The benefits of portable handwash stations in a medical environment
Chris Whieldon, sales director of Teal Patents Ltd, discusses how the use of portable sinks has helped the NHS control infection outbreaks and support facilities maintenance.
We are now coming to the end of what has been widely recognised as the peak in seasonal illnesses that include the old enemy influenza and the now frequently occurring norovirus. The impact on the general population can be severe, particularly for the elderly and every year there appears to be more hospital ward closures as a result of infection spreading and hospitals take action to stop visitors.
The Centers for Disease Control and Prevention Worldwide quoted some alarming statistics.
“Worldwide, about one out of every five cases of acute gastroenteritis (inflammation of the stomach or intestines) that leads to diarrhoea and vomiting is caused by norovirus. Norovirus causes 685 million cases of acute gastroenteritis, making it the most common cause of acute gastroenteritis worldwide.” ¹
Here in the UK hospital wards and school closures have now become a regular response and from figures from Public Health England in 2019 the number of cases showed an increase of 28% on the previous year.
Handwashing with soap and water
Nick Phin, National Infection Service Deputy Director at Public Health England, said:
“Cases of norovirus are at higher levels than we would expect to see at this time of year, although this is not unprecedented. Practising good hygiene is one of the best ways to protect against norovirus. This includes thorough hand washing with soap and warm water after using the toilet and before eating or preparing food.
“We advise people not to visit GP surgeries and hospitals with symptoms. However, if they are concerned, they should contact NHS 111 or talk to their GP by phone.
“Norovirus is one of the most common stomach bugs in the UK. It’s also called the winter vomiting bug because it’s more common in winter, although it can be caught at any time of the year.
“Infections rarely require medical treatment and most people will recover from it within a few days. It is, however, highly contagious, and is easily passed on at home, at hospital, or in the local community, and those who have been infected remain carriers for some time.
It is therefore important that those who have experienced symptoms or have been in contact with friends or family who have recently had norovirus, limit their contact with young children, elderly friends and relatives or those with pre-existing medical conditions.” ²
Clearly this has been a huge annual challenge for the NHS, not only to keep wards open but to make sure that infection outbreaks do not get into the building in the first place.
Use of portable hand wash units
Some hospitals have recognised the need by adding to their existing hand washing facilities during periods of high occurrence of influenza and norovirus. The tactical use of portable sinks is now becoming accepted as a simple and easy to use solution to ensure hand washing is carried out by staff and for visitors.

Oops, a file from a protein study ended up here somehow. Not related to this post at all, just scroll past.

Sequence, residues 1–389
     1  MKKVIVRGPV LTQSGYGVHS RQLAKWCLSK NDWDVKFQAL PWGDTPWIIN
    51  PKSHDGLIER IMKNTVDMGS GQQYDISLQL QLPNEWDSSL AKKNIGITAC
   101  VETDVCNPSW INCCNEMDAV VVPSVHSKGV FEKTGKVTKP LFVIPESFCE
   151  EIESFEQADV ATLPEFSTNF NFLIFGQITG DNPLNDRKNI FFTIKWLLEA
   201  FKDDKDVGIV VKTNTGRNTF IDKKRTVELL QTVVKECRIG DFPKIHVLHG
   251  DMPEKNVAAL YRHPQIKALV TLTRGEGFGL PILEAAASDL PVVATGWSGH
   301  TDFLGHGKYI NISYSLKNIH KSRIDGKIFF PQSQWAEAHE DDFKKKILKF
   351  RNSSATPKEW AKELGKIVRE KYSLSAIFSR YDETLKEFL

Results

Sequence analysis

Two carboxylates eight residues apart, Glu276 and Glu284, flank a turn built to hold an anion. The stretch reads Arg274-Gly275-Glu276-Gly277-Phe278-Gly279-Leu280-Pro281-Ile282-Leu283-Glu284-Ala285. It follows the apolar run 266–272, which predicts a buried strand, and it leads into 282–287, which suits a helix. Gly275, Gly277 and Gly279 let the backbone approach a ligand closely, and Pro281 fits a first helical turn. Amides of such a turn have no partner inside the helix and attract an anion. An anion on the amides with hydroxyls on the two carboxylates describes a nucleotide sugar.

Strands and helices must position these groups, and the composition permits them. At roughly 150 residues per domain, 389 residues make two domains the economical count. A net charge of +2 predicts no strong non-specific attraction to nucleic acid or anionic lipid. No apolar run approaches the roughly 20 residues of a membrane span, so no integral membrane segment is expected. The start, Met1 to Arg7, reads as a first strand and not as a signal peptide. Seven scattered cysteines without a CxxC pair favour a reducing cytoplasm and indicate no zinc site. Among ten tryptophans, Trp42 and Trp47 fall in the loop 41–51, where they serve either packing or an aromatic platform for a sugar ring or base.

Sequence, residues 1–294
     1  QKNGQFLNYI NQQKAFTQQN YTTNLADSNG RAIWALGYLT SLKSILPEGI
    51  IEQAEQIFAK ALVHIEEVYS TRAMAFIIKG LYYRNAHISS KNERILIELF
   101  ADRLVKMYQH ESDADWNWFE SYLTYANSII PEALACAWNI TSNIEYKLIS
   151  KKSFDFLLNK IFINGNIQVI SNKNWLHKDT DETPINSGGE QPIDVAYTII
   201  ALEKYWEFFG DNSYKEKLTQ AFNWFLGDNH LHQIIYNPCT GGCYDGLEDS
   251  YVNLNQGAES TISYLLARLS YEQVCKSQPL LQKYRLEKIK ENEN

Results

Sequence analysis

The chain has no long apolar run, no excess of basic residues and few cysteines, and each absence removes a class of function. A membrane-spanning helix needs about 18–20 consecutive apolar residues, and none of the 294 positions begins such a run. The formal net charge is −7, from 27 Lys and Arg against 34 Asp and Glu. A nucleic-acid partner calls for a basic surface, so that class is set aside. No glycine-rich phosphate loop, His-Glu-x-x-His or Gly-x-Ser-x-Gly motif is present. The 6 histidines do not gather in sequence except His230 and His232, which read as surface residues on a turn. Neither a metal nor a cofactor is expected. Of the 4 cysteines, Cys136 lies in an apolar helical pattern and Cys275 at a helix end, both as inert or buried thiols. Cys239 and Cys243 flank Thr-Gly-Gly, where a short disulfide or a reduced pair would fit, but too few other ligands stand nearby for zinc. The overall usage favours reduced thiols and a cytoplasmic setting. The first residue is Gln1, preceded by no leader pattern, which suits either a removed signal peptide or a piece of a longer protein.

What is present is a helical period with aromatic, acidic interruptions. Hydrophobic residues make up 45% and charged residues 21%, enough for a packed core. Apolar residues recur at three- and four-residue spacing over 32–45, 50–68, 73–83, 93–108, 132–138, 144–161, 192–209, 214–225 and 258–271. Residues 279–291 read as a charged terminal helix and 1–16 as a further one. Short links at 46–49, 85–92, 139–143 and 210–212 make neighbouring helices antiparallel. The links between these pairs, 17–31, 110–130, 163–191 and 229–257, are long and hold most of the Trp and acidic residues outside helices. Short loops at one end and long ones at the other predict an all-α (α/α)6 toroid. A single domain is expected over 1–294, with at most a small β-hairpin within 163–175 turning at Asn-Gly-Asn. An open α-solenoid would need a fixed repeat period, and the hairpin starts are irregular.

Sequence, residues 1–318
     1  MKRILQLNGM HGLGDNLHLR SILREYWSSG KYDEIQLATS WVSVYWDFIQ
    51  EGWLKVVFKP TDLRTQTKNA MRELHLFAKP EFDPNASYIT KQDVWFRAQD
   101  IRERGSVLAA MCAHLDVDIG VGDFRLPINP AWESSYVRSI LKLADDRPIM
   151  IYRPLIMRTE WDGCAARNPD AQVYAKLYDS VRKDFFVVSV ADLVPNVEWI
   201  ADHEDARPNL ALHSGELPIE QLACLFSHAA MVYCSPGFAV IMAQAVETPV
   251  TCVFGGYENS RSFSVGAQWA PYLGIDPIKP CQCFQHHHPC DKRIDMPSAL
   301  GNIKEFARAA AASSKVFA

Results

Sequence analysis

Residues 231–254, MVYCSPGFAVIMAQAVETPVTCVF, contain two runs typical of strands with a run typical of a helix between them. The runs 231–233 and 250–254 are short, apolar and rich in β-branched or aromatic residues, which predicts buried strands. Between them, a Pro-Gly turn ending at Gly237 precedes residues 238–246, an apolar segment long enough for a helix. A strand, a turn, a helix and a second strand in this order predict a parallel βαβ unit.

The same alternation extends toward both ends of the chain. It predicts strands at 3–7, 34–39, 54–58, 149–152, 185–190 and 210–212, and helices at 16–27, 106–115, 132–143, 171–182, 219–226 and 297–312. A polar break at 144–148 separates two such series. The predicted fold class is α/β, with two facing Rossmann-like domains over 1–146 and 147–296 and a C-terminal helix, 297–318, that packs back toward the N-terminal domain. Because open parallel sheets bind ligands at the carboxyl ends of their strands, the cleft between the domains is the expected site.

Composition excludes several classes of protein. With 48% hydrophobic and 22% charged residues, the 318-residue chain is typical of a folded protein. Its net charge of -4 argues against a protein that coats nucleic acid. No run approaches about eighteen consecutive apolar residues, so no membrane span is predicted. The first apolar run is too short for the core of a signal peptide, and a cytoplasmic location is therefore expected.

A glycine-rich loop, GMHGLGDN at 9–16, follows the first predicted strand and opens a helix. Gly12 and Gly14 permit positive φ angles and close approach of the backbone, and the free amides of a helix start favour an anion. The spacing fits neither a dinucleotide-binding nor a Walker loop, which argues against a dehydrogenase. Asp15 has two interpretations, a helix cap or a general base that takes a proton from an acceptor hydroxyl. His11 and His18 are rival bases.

The sinks are stand-alone and can be placed exactly where needed, totally independent of any plumbing that exists in the building or room. They are supplied with their own water containers and separate waste containers that are housed inside the unit.
Setting up the sink is also straight forward easy; it can be simply plugged into a normal 13-amp socket and the unit produces a carefully controlled ten second flow of warm water. This delivers the perfect amount of water for a high-quality hand wash – without any of it being wasted.
The energy use is therefore low, the built-in water heaters use less than 20% of the energy needed for any other type of system, with the water being heated to a comfortable temperature. No heat is wasted by having to mix hot and cold water – and there is no heat loss from storage tanks, pipework, taps or fittings
This can allow isolation rooms, that may have limited plumbing, to have their own sink away from other patients.
They can also be used to act as a barrier, placed strategically, to ensure all staff and possibly visitors wash their hands before crossing into the area at more risk.
Flexibility and a hire solution
This flexibility also extends to the supply of the sinks. They can be purchased, then activated whenever needed by the hospital, or they can be supplied as part of the ‘Teal Task Force’ hire service.
The use of this hire service has grown significantly over the last two-three years as hospitals recognise the advantages of not adding unplanned items to their capital expenditure.
The ‘Mediwash’ has been one of the most popular sinks supplied also includes an automatic sensor, that starts a pre-programmed hand wash cycle when hands are placed within range, supported by onscreen instructions that direct the user to follow ‘The NHS hand washing instructions’ for effective hand washing (see below).
- Centers for Disease and Control
National Center for Immunization and Respiratory Diseases, Division of Viral Diseases June 1, 2018
- NHS England – News 5 December 2019
Nick Phin, National Infection Service Deputy Director at Public Health England
Teal Task Force: quickly set up hand wash units for pods when coronavirus is suspected
The Teal Task Force is a unique fast response service available in the UK to deliver high quality hot water hand washing facilities on a next working day basis.
Fast delivery and setup – every Hygienius MediWash is sited and set up by trained TEAL Task Force staff. Each unit is delivered complete with a generous supply of liquid soap and paper towels.